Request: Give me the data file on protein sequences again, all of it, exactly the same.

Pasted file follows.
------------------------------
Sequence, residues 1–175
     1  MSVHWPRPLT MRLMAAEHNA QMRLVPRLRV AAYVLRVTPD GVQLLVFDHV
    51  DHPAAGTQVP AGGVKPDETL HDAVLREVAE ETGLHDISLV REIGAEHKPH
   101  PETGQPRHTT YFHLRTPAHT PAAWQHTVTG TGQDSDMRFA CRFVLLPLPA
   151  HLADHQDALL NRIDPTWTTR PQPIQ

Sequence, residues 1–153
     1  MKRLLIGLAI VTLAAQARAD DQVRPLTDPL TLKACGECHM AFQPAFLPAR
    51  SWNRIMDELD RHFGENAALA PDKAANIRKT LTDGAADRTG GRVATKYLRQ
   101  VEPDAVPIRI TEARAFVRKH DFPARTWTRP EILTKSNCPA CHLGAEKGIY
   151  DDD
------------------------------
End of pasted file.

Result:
Sequence, residues 1–175
     1  MSVHWPRPLT MRLMAAEHNA QMRLVPRLRV AAYVLRVTPD GVQLLVFDHV
    51  DHPAAGTQVP AGGVKPDETL HDAVLREVAE ETGLHDISLV REIGAEHKPH
   101  PETGQPRHTT YFHLRTPAHT PAAWQHTVTG TGQDSDMRFA CRFVLLPLPA
   151  HLADHQDALL NRIDPTWTTR PQPIQ

Sequence, residues 1–153
     1  MKRLLIGLAI VTLAAQARAD DQVRPLTDPL TLKACGECHM AFQPAFLPAR
    51  SWNRIMDELD RHFGENAALA PDKAANIRKT LTDGAADRTG GRVATKYLRQ
   101  VEPDAVPIRI TEARAFVRKH DFPARTWTRP EILTKSNCPA CHLGAEKGIY
   151  DDD